ORLANDO, Fla. — FMI's new president and chief executive officer last week unveiled her plans for the organization, with a promise to “increase the value of FMI” for its members.
In an address at FMI's Midwinter Executive Conference here, Leslie G. Sarasin outlined her broad plans to improve the organization, engage with members, collaborate with other associations and work with the new Congress and President.
Sarasin began her role in early November, succeeding Tim Hammonds, who had led FMI for 15 years. She was previously president and CEO of the American Frozen Food Institute.
“I am determined to build on the many strengths of this organization — and, candidly, to fix the portions that need repair,” Sarasin told the Midwinter audience.
She vowed to “develop a high-performance business model” and to hit the road in order to visit members in their geographic areas.
Sarasin promised an acceleration of collaborative efforts between FMI and other associations. At last week's meeting, the FMI and GMA agreed to more closely link their agendas and explore synergies on the meetings front.
She said the association will “revitalize the FMI Show for 2010 to ensure it will be relevant and visionary.”
She pointed to the organization's ongoing work on the sustainability front, noting that “FMI's sustainability initiative will soon unveil a carbon footprint calculator and will continue to address issues that are top-of-mind for consumers, government and nongovernmental organizations.”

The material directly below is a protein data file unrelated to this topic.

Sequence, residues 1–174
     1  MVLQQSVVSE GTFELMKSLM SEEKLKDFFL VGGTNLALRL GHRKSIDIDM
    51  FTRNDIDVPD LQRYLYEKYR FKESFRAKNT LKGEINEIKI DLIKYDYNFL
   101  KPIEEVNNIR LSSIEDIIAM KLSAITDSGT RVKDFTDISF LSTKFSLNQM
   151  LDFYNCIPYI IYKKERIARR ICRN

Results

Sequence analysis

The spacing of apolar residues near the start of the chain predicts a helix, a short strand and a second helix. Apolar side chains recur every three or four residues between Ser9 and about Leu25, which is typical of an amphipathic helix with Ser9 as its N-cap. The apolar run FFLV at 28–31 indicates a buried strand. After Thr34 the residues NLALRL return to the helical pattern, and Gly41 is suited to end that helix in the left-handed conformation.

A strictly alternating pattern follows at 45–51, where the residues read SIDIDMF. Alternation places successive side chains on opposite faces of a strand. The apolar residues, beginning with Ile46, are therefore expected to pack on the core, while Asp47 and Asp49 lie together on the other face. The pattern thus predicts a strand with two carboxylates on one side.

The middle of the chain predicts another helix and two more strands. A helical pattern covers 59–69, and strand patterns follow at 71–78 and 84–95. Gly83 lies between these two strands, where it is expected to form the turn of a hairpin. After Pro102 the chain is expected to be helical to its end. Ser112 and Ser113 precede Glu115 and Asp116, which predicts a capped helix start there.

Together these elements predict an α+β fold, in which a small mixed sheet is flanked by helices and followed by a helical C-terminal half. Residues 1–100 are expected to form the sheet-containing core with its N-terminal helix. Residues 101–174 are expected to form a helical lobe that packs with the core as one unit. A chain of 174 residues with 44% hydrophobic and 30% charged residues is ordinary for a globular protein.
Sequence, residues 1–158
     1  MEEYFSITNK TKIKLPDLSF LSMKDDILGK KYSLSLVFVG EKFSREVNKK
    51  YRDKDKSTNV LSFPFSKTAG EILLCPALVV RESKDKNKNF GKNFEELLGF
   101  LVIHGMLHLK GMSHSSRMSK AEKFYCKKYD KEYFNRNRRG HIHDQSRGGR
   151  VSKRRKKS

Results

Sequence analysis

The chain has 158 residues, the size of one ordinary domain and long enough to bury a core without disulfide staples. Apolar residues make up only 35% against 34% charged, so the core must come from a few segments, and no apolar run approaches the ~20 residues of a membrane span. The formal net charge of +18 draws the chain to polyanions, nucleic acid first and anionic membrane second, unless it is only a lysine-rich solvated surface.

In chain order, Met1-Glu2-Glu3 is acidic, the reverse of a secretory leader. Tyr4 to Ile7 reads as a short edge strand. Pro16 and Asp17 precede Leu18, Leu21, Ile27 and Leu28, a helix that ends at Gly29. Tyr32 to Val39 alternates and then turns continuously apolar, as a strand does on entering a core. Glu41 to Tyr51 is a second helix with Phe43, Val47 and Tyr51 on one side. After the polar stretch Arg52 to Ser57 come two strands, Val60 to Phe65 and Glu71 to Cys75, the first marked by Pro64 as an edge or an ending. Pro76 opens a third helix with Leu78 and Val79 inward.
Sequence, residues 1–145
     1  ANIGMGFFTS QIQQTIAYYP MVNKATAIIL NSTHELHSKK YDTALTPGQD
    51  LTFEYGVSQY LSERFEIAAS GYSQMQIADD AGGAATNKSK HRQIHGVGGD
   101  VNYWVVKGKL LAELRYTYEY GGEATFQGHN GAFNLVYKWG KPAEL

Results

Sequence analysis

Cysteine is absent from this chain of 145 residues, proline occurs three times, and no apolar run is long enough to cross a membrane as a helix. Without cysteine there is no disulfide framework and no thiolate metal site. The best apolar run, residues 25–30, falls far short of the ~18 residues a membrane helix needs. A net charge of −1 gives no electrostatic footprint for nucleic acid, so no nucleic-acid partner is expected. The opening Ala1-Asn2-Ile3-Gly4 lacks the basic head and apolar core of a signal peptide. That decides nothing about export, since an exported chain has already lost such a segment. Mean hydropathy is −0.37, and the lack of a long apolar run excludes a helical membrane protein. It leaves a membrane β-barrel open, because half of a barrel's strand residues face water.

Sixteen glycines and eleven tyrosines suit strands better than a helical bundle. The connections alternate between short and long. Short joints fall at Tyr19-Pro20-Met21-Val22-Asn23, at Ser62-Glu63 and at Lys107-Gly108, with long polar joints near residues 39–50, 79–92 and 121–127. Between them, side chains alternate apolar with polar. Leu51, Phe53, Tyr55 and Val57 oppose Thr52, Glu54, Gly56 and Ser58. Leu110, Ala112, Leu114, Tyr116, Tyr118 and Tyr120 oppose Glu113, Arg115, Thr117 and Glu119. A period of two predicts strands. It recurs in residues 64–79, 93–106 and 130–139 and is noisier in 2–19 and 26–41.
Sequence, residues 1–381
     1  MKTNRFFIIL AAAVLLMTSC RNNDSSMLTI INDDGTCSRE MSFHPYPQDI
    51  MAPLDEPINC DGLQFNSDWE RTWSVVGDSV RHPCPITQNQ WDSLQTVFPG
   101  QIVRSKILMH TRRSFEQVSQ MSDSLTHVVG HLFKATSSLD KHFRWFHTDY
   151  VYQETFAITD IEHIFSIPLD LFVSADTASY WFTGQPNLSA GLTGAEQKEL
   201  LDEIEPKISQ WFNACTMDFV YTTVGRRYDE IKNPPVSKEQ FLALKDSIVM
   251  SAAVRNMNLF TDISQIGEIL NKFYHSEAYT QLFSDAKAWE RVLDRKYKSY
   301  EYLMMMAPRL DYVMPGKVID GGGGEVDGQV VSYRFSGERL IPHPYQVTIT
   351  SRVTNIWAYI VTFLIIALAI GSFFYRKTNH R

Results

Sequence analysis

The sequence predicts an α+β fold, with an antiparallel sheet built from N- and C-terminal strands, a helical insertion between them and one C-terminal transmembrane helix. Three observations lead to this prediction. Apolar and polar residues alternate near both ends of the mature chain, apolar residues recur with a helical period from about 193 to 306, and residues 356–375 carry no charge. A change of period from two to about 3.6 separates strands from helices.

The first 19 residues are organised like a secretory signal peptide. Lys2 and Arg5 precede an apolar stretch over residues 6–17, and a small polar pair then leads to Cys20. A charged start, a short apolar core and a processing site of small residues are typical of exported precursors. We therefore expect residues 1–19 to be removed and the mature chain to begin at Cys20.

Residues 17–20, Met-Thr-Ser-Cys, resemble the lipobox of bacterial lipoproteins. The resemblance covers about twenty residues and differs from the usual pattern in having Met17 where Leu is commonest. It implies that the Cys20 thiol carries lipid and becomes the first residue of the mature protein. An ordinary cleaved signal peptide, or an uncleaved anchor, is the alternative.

Sarasin outlined progress on the food safety front and cited FMI's new recall program. “I'm very excited about the new, highly innovative Product Recall Portal,” she said. “It is the industry's most comprehensive product recall communication system for retailers, wholesalers and suppliers — and a superb example of cross-industry collaboration.”
FMI plans to press its government agenda at a time of major political changes in Washington, she said.
“We have already begun meeting with the Obama administration and will continue to be engaged,” she said.
“We will work with all sides — Democrats, Republicans and Independents — to promote issues critical to our member companies.”
Sarasin said key government-related issues for FMI now include the Employee Free Choice Act, food safety, health care reform and related pharmacy issues, interchange fees, organized retail crime, pension fund solvency and taxes.